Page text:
UK: House prices fall at sharpest pace since 1993
House prices suffered their steepest annual fall in 15 years in April, stoking fears of a deep downturn, as figures showed more than 25,000 people succumbed to bad debt in the first three months of the year.
A pick up in the number of companies going bust will also add to growing concerns over the state of the economy and exacerbate the challenge facing Prime Minister Gordon Brown as Labor slumps to defeat in local government elections. Brown must now win back the confidence of voters before he has to call a national election by May 2010. The weak housing market figures from Britain’s biggest mortgage lender HBOS come after a Bank of England policymaker warned prices could fall by a third. They have already declined more than 5% from last August’s peak of an average £199,600. “This is a dark cloud that is getting ever darker for the economy,” said Alan Clarke, an economist at BNP Paribas.
House prices fell 1.3% on the month to an average £189,027 last month, HBOS said, the third monthly decline in a row and leaving prices 3.7% lower than April last year. That was the biggest yearly decline since June 1993, analysts said, when Britain was still in the throes of a protracted housing slump. “What is most concerning is that these house price falls have come with the economy only having registered a modest slowdown,” said Seema Shah, a Capital Economics property expert. “With the economy and labour market set to weaken further, our forecast for a 20% fall in house prices by end-2009 is firmly on track.”
BOE HELPS BANKS
Bank of England arch dove David Blanchflower said this week Britain’s economy may fall into a recession unless policymakers acted immediately to shore up growth. But most analysts expect the central bank to wait until June before trimming rates again, having already reduced them three times since December to 5%, given worries over inflation. However, the BoE has been trying to ease the credit crunch. Commercial banks will be able to hold more funds as reserves at the central bank from May 8 onwards, the BoE said on Friday, in a move which is expected to make it easier for banks to get hold of cash quickly if they need to and if markets dry up. The move came after the BoE announced a £50 billion swap plan last week to allow banks to exchange hard-to-shift mortgage-backed assets for risk-free government debt. It is hoped the scheme will ease the lending squeeze by freeing up banks’ balance sheets, restoring confidence on money markets and bringing down elevated interbank lending rates.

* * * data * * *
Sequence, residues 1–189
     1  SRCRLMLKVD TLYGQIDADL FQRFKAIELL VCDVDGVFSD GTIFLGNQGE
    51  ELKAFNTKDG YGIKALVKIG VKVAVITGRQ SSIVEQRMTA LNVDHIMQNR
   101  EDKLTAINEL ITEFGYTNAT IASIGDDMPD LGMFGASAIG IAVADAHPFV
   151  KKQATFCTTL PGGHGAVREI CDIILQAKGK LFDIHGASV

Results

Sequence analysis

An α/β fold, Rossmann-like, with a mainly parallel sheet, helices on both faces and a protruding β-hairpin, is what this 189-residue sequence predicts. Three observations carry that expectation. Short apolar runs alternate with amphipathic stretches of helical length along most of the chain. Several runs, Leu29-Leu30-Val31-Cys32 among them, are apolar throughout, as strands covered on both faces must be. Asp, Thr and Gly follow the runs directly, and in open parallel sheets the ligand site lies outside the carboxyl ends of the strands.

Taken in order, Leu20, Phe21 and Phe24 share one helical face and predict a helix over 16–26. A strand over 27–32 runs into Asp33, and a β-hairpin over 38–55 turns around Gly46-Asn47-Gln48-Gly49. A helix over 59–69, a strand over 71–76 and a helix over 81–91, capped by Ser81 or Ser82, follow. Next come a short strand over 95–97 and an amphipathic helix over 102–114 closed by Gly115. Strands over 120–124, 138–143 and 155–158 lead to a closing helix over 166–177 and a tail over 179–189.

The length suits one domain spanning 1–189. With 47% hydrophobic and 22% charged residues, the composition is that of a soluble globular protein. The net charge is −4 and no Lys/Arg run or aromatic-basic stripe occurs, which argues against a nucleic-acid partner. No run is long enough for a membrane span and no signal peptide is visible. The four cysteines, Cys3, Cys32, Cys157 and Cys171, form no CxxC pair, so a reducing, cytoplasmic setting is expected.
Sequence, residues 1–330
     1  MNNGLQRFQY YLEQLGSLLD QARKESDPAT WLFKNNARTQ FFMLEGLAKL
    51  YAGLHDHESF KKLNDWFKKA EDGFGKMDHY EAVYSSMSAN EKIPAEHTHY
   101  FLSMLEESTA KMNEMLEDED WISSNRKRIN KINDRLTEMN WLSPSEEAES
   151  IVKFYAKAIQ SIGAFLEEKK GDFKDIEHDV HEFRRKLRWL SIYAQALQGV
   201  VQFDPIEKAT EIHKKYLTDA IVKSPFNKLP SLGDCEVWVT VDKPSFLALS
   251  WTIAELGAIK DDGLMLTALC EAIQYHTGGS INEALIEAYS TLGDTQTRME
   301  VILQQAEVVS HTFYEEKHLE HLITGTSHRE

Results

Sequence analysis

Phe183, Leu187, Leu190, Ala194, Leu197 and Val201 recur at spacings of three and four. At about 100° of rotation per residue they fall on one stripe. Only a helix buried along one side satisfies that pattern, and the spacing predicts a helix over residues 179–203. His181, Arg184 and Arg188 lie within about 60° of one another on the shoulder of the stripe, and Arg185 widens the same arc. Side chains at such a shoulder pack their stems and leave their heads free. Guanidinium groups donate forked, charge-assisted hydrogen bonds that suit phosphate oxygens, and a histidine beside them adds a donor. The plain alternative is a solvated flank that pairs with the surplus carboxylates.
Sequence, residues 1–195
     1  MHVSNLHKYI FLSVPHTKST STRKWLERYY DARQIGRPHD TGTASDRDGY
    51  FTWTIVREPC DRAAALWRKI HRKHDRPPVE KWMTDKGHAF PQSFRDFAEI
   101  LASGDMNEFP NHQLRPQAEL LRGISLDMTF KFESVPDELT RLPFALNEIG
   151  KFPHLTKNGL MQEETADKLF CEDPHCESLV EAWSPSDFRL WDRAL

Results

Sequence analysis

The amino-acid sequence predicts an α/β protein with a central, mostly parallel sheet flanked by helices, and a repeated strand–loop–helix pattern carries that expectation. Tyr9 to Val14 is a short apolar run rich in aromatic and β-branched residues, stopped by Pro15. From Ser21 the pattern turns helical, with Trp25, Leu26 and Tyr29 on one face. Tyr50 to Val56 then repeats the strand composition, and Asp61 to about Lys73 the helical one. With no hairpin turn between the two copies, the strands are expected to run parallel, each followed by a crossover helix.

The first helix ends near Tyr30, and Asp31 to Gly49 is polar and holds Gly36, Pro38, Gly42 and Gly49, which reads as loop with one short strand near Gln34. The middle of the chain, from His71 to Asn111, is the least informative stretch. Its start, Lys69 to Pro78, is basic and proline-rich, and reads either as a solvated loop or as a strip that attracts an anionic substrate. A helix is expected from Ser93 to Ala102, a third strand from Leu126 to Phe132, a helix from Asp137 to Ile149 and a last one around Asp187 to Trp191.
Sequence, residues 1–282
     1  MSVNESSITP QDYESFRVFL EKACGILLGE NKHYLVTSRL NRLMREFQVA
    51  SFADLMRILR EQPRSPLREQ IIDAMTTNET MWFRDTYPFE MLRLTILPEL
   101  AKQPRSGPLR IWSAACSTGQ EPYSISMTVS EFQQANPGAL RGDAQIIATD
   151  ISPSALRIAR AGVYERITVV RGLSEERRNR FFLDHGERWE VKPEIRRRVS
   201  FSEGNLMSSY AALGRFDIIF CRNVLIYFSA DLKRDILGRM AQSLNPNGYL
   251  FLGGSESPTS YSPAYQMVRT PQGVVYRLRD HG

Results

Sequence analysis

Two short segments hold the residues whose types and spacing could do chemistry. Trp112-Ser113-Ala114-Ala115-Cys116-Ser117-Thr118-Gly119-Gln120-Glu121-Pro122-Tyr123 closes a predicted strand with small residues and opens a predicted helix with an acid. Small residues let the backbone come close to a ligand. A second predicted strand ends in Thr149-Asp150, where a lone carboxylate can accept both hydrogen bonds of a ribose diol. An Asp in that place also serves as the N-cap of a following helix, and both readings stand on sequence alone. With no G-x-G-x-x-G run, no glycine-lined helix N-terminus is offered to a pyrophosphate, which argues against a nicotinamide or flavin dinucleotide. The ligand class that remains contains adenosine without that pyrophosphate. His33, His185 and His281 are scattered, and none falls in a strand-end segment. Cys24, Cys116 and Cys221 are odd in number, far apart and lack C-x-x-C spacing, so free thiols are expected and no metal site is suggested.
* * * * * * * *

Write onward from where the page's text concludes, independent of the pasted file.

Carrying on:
In the first three months of this year 25,264 people declared themselves insolvent in England and Wales. While that was 13.2% down from a year ago, analysts warned the outlook was grim. “The effects of the credit crunch are only just showing up in some of the hard data so it is premature to expect the data to show a tidal wave of insolvencies,” said BNP Paribas’ Clarke. “However, this will come and become an increasingly prominent issue along with (home) repossessions,” he said. Company liquidations were 2% higher on the quarter at 3,210, an annual increase of 4%.
British construction activity fell for the second month running and at its fastest rate since December 1998, according to the Chartered Institute of Purchasing and Supply. While the housing downturn is gathering pace, prices have nearly trebled in the last decade and analysts said record levels of employment suggest the market is not about to crash as it did in the early 1990s. (Reuters)
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